- CIRCA, Municipal Resilience Planning Assistance for Sea Level Rise, Coastal Flooding, Wastewater Treatment Infrastructure, & Policy
- SAFR Connecticut Connections Vulnerability Assessment and Resilience Concept – National Disaster Resilience Competition (NDRC) (This project will use the concept of Resilient Zones to draft a narrative vision of a Resilient Northwest Hills)
- CIRCA, Drinking Water Vulnerability Assessment and Resilience Plan
- SCRCOG- Climate Adaptation and Resiliency Planning for Protection of Public Drinking Water
- CIRCA – Financing Resilience in Connecticut: Current Programs, National Models, & New Opportunities
Over the course of this project, the following organizations and agencies were solicited for information:
- State Agencies
- Former Adaptation Subcommittee from the CT Climate Preparedness Plan
- Environmental Protection Agency
- UConn CIRCA
- Local historic commissions
- Local land use, energy, and conservation commissions
- Regional land trust organizations
- Agricultural advocacy organizations
- Municipal officials including chief elected officials, health departments, public works, and Emergency Management Directors
- Adaptation and resiliency projects from New Hampshire, Vermont, Rhode Island, California, and Colorado
Project outreach occurred in two primary ways, education and information solicitation. Input was sought from the Region 5 Regional Emergency Planning Team (REPT), NHCOG Public Safety Task Force (PSTF), Emergency Management Directors, energy commissions, land use commissions, conservation commissions, and from cultural, public health, and agricultural institutions in region. The author of the toolkit presented the project at the following forums:
- Presentation at NHCOG meeting – 10/12/17
- Presentation at DEHMS Region 5 REPT – 11/20/17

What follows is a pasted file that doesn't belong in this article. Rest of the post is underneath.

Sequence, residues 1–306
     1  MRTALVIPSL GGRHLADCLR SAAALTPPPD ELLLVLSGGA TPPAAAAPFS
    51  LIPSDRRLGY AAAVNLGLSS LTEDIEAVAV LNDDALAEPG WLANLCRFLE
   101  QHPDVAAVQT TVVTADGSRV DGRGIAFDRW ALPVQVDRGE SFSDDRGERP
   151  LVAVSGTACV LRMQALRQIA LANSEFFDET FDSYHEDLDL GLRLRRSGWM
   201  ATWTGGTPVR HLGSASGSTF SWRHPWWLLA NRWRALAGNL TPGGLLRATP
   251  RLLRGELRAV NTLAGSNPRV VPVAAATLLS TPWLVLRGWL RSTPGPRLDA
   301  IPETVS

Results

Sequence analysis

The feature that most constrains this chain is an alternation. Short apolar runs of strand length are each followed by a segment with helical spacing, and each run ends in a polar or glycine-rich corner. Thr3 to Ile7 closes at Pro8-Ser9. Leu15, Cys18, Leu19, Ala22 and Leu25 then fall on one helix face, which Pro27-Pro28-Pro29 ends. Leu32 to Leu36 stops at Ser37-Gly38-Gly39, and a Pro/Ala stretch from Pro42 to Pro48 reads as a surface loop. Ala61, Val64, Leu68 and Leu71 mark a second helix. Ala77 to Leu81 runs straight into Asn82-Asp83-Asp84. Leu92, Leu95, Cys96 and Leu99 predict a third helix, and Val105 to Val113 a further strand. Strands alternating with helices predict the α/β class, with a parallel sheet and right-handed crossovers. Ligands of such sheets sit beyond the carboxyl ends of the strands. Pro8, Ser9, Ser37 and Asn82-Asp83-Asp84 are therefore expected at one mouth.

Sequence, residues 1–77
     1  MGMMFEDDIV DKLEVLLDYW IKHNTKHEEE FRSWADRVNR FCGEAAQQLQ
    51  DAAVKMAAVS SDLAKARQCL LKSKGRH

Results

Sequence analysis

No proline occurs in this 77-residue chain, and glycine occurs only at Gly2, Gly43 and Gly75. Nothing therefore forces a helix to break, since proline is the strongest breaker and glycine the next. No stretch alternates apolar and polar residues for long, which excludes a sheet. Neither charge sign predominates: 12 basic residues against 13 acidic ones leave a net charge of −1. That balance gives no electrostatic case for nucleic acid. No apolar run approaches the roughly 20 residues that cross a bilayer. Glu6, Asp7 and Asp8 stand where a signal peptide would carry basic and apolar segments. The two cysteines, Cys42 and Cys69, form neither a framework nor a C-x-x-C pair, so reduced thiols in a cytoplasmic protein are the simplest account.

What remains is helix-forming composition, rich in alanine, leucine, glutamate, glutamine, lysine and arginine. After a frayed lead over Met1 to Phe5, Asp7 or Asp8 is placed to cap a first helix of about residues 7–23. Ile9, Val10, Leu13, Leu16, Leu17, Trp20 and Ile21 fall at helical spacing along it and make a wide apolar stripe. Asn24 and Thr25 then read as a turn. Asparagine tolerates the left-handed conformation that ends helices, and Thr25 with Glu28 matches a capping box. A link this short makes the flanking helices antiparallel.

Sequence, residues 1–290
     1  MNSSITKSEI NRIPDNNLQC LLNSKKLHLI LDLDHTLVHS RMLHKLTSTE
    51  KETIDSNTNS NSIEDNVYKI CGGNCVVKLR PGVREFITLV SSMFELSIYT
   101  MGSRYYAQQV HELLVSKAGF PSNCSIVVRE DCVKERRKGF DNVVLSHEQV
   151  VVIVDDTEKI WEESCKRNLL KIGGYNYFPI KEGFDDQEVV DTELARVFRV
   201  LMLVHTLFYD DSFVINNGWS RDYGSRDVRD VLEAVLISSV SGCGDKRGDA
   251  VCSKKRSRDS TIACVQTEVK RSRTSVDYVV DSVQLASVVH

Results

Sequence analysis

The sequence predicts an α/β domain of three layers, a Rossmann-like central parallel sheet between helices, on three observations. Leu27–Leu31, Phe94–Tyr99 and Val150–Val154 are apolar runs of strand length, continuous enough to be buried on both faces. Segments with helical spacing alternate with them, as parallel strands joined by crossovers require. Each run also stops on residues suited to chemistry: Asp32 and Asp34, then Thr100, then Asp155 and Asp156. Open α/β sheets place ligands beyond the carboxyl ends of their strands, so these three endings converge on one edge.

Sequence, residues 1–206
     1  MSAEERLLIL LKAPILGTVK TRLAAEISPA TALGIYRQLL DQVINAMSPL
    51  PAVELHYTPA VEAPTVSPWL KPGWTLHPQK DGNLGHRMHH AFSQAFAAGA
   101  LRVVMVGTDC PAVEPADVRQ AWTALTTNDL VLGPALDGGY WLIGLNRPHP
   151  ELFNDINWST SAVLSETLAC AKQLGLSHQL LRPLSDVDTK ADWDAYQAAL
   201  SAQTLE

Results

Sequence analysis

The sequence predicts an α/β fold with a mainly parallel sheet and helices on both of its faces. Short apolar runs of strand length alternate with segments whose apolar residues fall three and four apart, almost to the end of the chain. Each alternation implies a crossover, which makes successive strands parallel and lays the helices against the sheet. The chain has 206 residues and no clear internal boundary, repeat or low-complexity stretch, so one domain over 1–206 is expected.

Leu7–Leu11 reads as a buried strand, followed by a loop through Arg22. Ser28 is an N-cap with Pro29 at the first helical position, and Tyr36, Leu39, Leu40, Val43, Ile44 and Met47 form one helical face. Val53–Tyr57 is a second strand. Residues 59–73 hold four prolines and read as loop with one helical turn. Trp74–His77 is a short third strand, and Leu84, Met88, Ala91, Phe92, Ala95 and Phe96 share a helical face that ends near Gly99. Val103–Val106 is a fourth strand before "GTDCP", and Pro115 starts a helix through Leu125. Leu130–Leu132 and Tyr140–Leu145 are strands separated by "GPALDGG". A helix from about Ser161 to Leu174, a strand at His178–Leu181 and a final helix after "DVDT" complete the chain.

- Presentation at CIRCA Municipal Resiliency Forum – 5/11/18
- Rural Resiliency Sharing Session – 7/26/2018
- Presentation at DEHMS Region 5 REPT Steering Committee and Survey– 8/8/18
- Presentation at Southern New England American Planning Association Conference – 10/19/18
- Presentation at NHCOG meeting – 11/8/18
Numerous local, regional, and state organizations were contacted and invited to provide the following:
- GIS maps;
- Adaptation case studies for topics such as agriculture, infrastructure, natural resources, public health, and cultural resources;
- Strategies or policies in your organization regarding adaptation/resiliency; and
- Current or forthcoming resources on adaptation or resiliency that may be helpful to municipalities or local organizations.
Invited examples of potential information included:
- ecological habitats at the highest risk from climate change: Cold Water Streams, Tidal Marsh, Open Water Marine, Beaches and Dunes, Freshwater Wetlands, Offshore Islands, Major Rivers, and Forested Swamps for the state and/or NW Hills
- Temperature changes in inland waterbodies
- changes in vector borne diseases in the state
- changes in vector populations (e.g. ticks, mosquitoes)
- private water well usage and/or failures
- Farmland properties in state
- Loss/gain of farmland
- Critical infrastructure in flood-prone areas (FEMA won’t have digital FIRM maps for NHCOG region until 2022 so any existing digital flood data for northern CT would be very helpful)
- Maple syrup production in the state (and/or reports on Maple health in the state)
- Anticipated temperature impacts on bridges and dams
- Changes in forest flora and fauna composition
- Vulnerability/Adaptation reports for agencies, organizations, or municipalities in the state
- Lists of cultural resources that may be at risk to climate change in Connecticut (historical sites, buildings, social groups, etc.)
- Estimates on disproportionate climate change impact on vulnerable populations.